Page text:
The recent financial meltdown? It was crazy rigging, way offshore, see Financial Derivatives and Housing Bubble. The 4.6 lbs of waste the average American generates each day which are buried-away in landfills and burned-away into the atmosphere? It’s sometimes literally dumped offshore. The dependence on mono-cultural industrial agriculture? They’re rigged ecosystems based on non-renewable energy, where we ship bees around the country to pollinate because the immense single-species crops won’t sustain a hive for more than a few weeks per year.

The modern offshore oil and gas rigging systems?

Illustration from Wikepedia Commons

Deep Water Horizon (AP Photo/US Coast Guard)

On an individual level, more so with isolation, this dynamic can also be very difficult to deal with. On July 10, 1969, Donald Crowhurst’s 40′ trimaran sailboat “Teignmouth Electron” was found off the coast of South America, empty- the electronics inventor’s presumed suicide the result of a torturous nightmare of his own creation.

Donald Crowhurst departing from England in 1968.

One of seven entrants in the 1968 Sunday Times Golden Globe “Round the World” single-handed yacht race he had left in a frenzy at the last minute, unprepared, on an untested vessel, his house and failing business mortgaged to pay for the attempt. He planned on crafting the boat’s safety systems, a self-inflating balloon mechanism of his own invention, while sailing.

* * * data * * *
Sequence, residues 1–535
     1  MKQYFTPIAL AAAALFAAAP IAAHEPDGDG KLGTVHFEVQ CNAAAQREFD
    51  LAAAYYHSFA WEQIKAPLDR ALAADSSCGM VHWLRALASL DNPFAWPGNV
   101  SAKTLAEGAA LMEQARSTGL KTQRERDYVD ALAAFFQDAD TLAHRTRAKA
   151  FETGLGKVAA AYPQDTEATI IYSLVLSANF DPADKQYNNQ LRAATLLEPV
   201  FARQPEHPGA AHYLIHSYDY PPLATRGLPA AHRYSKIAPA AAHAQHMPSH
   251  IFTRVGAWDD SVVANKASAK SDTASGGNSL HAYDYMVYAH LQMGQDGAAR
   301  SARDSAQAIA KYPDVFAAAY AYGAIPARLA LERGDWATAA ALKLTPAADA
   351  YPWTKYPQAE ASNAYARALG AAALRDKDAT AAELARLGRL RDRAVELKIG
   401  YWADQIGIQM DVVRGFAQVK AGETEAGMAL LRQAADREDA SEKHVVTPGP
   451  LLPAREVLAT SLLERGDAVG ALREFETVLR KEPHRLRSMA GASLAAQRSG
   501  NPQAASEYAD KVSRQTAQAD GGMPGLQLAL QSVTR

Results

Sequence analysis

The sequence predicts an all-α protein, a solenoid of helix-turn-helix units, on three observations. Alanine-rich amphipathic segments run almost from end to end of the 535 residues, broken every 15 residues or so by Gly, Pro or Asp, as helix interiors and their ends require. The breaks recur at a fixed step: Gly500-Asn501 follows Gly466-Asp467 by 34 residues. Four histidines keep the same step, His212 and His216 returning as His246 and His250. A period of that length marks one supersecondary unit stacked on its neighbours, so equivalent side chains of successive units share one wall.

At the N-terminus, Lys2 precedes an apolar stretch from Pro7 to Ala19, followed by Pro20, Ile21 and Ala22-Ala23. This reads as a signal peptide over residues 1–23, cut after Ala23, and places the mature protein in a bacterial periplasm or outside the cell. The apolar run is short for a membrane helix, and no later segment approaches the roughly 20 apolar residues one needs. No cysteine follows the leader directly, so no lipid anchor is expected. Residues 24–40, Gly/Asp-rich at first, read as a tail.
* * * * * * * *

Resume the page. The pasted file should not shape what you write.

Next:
The boat’s progress south was very slow, and troubled. He was intentionally ambiguous with his initial location reports back to England. Within a month, Crowhurst was faced with only two real choices: continue the race with his unprepared rig and surely be lost in the Southern Ocean, or turn back, and arrive bankrupt, but alive.

The abandoned Teignmouth Electron

Crowhurst crafted a third option. His reality split against the sharp dissonance of a perceived “lose-lose” scenario. He radioed back to England an increasingly complex fabrication of an around the world voyage from his nearly stationary position just offshore from Brazil. At first he hoped to slip in at the end of the race, burying his false journey in the distant field of a last place finish. But as the race developed, he let his imagination rig more and more solutions to the ever-changing scenario. For seven months he kept two logs, one real, and one imaginary, descending into a madness that is as telling as it is frightening. Entries found in his log read:

The shameful secret of God… is that there is no good or evil — only truth…”
I have become a second generation cosmic being, I am conceived in the womb of nature, in my own mind… In the womb of the universe. “
“I had a complete set of answers to the most difficult problems now facing mankind. I had arrived in the cosmos while contemplating the navel of the ape…”
“It’s a small sin for a man to commit, but it is a terrible sin for a cosmic being.”

“Deep Water”, a 2006 documentary about the Golden Globe race and Crowhurst is an excellent and yet positively excruciating film.

This sign is just down the road from the marina in Deer Harbor. When I first saw it, I thought it was neat, and timely. But then, as the true reality of my situation clashed with my fancy point of sail dreams, the sign began to taunt me. It’s message amplified the dissonance.